So I had a bottle of Domaine Vincent Girardin 2003 Santenay 1er Cru "Les Gravieres," Vielles Vignes standing up in my cellar for a week or so, getting all nice and settled and, notwithstanding all the pinot that I've downed recently, I decided to give it a run. I have heard of Santenay before, know that it's a lesser Burgundy village in the south Cote d'Or but probably could not find it on a map. I paid just over $30 a bottle for the wine and see it on Wine-Searcher pro for about that price. It was imported by Daniel Haas and has 13.5% alcohol.

Tasting Notes: Gorgeous red ruby, nose of gravel, black plum and mint, a little chewy mid-palate, tightly wound, earthy, dark fruit with a slightly chalky finish. After about an hour, the wine opens and becomes more elegant, with notes of charcoal, blackberry, mushrooms and freshly turned soil. A fine quite drinkable wine that we'll finish tonight, but it's missing mystery, complexity and seduction. The impossible dream continues.

Rating: Quaffable

Cheers, Barrld

Thursday, January 25, 2007

Vivid Viognier

Being a Rhone-head, a few years back I tried a Guigal Condrieu at dinner with the wife. Now I drink almost anything, esp. when I pay restaurant prices but the wife is, shall we say, particular. Two sips in and her nose was turned up, "tastes like jet fuel and burnt oranges." She has a terrific palate BTW. Anyway, I powered on, as is my ilk, but never found the wine approachable. We probably left half a bottle undrunk, a tragedy. The moral of the story is that it took me some time thereafter to actually buy another bottle of viognier. I took me even longer to figure out how to pronounce the name of this varietal. Nowadays, there are viognier lovers everywhere, and there is even a website devoted to the grape, enjoyingviognier.com. Some folks really do have too much time on their hands, as compared to us devoted wine bloggers.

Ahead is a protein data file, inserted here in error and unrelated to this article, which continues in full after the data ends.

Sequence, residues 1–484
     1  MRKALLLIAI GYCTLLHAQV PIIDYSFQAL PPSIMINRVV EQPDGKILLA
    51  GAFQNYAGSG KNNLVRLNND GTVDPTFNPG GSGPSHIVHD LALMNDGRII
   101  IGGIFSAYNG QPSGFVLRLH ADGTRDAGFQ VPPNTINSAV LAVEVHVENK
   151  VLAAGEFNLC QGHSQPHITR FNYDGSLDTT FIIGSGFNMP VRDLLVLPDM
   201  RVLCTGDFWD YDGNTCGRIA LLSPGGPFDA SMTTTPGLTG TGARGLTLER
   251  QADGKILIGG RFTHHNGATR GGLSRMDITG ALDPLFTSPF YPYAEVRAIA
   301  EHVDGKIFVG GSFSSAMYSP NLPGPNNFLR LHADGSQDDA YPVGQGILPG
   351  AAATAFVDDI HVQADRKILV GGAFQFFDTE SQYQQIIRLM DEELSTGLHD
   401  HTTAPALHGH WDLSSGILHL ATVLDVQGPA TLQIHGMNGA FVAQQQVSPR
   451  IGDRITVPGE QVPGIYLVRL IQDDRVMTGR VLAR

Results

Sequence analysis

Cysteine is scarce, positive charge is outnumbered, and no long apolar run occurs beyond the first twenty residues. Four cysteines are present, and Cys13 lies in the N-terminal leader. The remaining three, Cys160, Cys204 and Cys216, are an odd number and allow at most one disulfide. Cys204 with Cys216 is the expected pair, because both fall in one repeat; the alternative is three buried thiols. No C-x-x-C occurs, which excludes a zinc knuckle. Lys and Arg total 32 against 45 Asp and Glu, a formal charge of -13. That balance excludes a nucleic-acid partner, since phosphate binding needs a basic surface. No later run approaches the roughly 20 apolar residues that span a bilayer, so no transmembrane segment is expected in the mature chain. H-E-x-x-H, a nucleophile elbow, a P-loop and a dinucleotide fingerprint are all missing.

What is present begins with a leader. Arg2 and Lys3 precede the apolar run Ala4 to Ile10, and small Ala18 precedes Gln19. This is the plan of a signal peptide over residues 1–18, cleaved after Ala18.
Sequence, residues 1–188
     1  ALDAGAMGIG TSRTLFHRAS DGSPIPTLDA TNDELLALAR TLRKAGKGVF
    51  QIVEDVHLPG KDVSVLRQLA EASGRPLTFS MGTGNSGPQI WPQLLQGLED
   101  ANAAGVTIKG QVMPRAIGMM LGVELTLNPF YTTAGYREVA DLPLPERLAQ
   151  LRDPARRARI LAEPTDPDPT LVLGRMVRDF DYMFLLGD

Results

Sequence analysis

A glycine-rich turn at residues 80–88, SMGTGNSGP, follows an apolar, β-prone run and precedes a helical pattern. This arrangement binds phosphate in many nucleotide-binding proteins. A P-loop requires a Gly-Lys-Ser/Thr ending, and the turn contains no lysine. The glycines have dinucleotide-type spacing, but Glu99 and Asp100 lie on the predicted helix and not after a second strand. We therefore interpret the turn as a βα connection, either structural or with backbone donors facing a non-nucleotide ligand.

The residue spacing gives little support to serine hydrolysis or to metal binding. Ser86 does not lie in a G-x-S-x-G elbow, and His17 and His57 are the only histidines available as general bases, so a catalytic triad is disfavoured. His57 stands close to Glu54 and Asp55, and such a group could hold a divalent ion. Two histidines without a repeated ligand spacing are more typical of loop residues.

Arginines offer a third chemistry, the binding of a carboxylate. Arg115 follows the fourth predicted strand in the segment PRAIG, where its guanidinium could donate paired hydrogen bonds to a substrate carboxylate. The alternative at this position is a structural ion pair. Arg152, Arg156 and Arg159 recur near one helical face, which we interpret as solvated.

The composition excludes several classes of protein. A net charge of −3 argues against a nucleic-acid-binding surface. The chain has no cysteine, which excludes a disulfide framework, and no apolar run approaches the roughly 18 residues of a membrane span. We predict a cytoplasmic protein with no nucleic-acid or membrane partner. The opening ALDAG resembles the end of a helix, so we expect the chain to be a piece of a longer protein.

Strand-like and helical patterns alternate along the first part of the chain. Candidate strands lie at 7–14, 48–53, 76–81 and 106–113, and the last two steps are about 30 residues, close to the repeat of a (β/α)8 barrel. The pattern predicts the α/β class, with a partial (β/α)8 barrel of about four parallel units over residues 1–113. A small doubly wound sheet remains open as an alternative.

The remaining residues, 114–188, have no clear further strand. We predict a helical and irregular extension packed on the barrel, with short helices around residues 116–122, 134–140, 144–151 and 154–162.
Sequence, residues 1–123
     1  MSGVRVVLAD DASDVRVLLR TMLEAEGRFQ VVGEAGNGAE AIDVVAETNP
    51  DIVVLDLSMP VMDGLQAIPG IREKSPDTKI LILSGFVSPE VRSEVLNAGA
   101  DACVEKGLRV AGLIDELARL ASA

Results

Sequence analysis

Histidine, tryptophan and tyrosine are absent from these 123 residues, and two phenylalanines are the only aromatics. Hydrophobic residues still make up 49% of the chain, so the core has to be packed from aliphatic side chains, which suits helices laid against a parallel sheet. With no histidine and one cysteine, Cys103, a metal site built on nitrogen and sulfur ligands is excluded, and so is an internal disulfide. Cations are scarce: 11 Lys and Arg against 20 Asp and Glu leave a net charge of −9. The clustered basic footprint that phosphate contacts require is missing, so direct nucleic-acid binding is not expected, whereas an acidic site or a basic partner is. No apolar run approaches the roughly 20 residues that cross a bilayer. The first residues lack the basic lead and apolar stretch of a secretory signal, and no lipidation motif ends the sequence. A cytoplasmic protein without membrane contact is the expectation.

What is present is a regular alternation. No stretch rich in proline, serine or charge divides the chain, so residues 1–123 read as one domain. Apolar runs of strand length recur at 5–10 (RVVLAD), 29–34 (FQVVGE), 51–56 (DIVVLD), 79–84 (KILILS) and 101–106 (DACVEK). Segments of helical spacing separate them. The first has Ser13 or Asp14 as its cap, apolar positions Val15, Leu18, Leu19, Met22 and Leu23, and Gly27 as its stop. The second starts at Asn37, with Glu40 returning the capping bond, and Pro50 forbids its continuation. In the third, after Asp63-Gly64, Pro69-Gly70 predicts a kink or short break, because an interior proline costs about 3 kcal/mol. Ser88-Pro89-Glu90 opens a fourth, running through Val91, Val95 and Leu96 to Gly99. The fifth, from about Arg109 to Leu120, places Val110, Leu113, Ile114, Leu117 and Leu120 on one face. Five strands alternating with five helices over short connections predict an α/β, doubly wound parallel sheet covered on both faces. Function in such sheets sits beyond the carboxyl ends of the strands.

At any rate, after I read about Greg Brewer's immediate success with Brewer-Clifton and its pinots and chards, which I've had and enjoyed for their elegance and defined fruit, I saw that he was the winemaker at Melville Vineyards and Winery so I got on its mailing list. I bought a bunch of varietals from the 2001, 2002 and 2003 vintages from the winery but tossed more recent mailers b/c, well I have too much wine and nowhere to stash it. At any rate, somehow I ended up with some bottles of the 2003 Melville Estate Viognier, Santa Barbara County (really the Santa Rita Hills, before it was a VA) which have been gathering dust and taking up space for a while. The only solution, drink the damn stuff. So I popped the cork on a bottle last night. One blogger on this site notes that the viognier that he generally comes across is insipid; that's not the word I would use to describe the Melville, which at 16.1% alcohol (yep, that's not a typo--over sixteen percent!) is a little bit hot. Curiously, the Melville website under the "past releases" tab does not even list a 2003 Viognier. Maybe they want to disown the wine and forget that they made it. At any rate I'm going to take a picture of the label and post it tomorrow so you can all see that I am not blind nor am I losing my mind.